IF you are concerned about where you want to go in life or even the direction of society as a whole, first appreciate where you are coming from. To provide this understanding is a basic objective of the Malaysian Heritage Trust.
Forget the tourism spin-offs and the fact that many older buildings might be prettier than their modern counterparts. That’s not the point of conservation; it’s a secondary issue. In any case, beauty is a subjective quality.
In Australia, disgusting chunks of concrete infrastructure and revolting 1960s high-rise office buildings have been gazetted for conservation. Time will judge the validity of this approach. Over time, the Tower of London has probably been thought by many to lack a certain charm, especially those occupying the dungeons. Nevertheless, it provides an important understanding of how British society has evolved. Sophocles said: “Many are the things that man seeing must understand. Not seeing, how shall he know what lies in the hand of time to come?”
When it comes to town planning, time travel is quite easy. To go back in time, Yangon is a very beautiful example of a city that has not yet been ravaged by development, a virtual time warp. Prague under the communists was once similar. Florence and Venice have retained their integrity, and little new development has been allowed in Paris up till now.
If you want to see the impact of allowing development on a controlled basis, then contemporary cities such as KL are a good example, along with, say, Budapest, Sydney, Brisbane and so many others, depending on the degree of control that interests you.
There are cities such as Leningrad and Bucharest spoilt by the growth of really ugly public housing. There are others where an effort has been made to make public housing a cultural asset (erm ... give me time, there must be one ...).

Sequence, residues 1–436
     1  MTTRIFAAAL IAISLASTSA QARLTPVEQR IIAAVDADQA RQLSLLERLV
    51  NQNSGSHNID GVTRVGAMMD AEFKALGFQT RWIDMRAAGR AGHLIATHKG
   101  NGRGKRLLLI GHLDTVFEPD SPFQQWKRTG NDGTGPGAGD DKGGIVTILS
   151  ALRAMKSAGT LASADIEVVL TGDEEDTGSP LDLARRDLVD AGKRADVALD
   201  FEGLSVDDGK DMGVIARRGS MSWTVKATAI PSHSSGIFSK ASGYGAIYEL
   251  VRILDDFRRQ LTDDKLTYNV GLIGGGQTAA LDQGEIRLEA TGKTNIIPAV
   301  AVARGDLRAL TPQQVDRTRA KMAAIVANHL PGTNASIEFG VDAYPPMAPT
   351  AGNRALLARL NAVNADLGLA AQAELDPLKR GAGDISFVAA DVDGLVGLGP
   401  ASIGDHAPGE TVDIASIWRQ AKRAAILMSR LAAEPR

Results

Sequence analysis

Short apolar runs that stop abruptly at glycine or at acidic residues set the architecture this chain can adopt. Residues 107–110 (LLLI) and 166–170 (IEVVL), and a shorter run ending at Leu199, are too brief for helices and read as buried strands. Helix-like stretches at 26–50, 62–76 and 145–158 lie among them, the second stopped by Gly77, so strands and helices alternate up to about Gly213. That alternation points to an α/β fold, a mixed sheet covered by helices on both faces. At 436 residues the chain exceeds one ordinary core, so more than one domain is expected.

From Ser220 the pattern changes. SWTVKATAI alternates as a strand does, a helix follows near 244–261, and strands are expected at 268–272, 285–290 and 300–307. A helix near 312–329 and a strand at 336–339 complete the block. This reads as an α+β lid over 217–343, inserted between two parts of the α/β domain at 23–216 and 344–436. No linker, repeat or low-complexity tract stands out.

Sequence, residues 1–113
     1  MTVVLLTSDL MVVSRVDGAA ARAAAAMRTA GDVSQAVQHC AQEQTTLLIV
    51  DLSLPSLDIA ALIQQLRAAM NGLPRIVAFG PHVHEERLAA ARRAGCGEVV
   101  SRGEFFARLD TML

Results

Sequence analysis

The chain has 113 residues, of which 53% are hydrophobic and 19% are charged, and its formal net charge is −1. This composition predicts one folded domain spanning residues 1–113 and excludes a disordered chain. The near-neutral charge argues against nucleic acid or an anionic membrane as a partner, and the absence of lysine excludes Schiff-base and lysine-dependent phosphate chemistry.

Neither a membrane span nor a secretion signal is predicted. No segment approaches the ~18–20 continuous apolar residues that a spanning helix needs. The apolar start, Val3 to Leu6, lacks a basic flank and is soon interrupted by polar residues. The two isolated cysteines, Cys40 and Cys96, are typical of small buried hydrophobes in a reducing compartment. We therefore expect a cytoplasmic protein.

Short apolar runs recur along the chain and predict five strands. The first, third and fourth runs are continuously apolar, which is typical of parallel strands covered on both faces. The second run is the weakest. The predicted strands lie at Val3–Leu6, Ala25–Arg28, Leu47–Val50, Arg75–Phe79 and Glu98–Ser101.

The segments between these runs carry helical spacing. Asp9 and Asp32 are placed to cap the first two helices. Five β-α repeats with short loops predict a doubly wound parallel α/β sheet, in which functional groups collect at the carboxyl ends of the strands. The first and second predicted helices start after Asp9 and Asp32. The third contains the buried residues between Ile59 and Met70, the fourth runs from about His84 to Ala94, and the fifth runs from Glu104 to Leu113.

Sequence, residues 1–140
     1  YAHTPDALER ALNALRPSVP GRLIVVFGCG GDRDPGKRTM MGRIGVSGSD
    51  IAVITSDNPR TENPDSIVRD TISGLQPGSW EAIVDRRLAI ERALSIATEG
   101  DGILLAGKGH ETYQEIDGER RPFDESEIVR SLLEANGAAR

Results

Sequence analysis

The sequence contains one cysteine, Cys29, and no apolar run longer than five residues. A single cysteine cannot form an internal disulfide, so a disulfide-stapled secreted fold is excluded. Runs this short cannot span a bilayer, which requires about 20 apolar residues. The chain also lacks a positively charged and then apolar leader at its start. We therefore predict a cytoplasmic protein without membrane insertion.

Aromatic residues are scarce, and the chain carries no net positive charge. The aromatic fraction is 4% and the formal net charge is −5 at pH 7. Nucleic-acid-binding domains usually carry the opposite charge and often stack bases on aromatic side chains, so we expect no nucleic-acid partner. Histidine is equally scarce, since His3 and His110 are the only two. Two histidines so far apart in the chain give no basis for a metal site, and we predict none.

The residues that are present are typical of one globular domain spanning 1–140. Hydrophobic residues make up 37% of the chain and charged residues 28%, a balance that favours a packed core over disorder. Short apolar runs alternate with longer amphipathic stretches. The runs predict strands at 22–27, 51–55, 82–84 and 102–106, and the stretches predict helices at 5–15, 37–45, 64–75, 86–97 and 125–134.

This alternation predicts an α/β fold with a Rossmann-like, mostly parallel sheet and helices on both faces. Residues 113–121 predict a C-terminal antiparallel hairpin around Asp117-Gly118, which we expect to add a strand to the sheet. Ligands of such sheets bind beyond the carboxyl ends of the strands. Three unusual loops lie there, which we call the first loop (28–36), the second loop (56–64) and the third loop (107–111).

It is interesting to observe the impact of cities putting in the public transport early (London, Sydney) or racing to catch up (KL, Dubai).
For a trip into the future, go to the United States.
In fact, I just came back from Los Angeles (LA). It’s pretty depressing. Here is a huge urban metropolis filled with some of the smartest people in the world, who have allowed their living conditions to deteriorate to a very uncomfortable level.
Certainly, bold and expensive steps are being taken to preserve the air quality in LA but the sheer quantity of vehicles has turned the roads into “traffic sewers”. When I took the keys to my rental car, the Hertz lady muttered darkly “beware of the 405”.
I soon learnt that this wasn’t a triad, but a constipated arterial highway. LA has many splendid features – the beaches, the hills softly burning in the sunset, the colourful pan-handlers. But how can you work in a city where the traffic is largely paralysed at peak hours? And of course, the fundamental question is, what is society’s tolerance level? My friend in lovely, low-density scenic San Diego wouldn’t move to LA even if promoted.
This is surely a supreme sacrifice for an American. He can’t be alone in this view. So, how long will it be before thousands, or millions, choose not to live there? Or will the rich move out and leave the poor behind, or vice versa? What impact do those possibilities have on the way other cities – even KL – should be developed?
California is the world’s fourth largest economy, ironically suffering high unemployment and insufficient funds to keep all its schools open. LA is the way of the future if you allow unbridled development and vehicle use. Is it our future, too?
The world is growing and so are most of the cities in South-East Asia. It is only a matter of time before these problems begin to threaten KL, Penang, Johor Baru, Kuantan, Kuching and Kota Kinabalu.
What to do?
The soft option, of course, is to keep approving new development and tacking on infrastructure as and when public interest raises its voice. The man in the street, inured to the daily grind, would not expect much more.
But 2020 is only one more property boom away. Maybe it’s time to raise our sights even higher, and envision exactly how we want our grandchildren to live.
And maybe do something about it?
·Christopher Boyd is executive chairman of Regroup Associates Sdn Bhd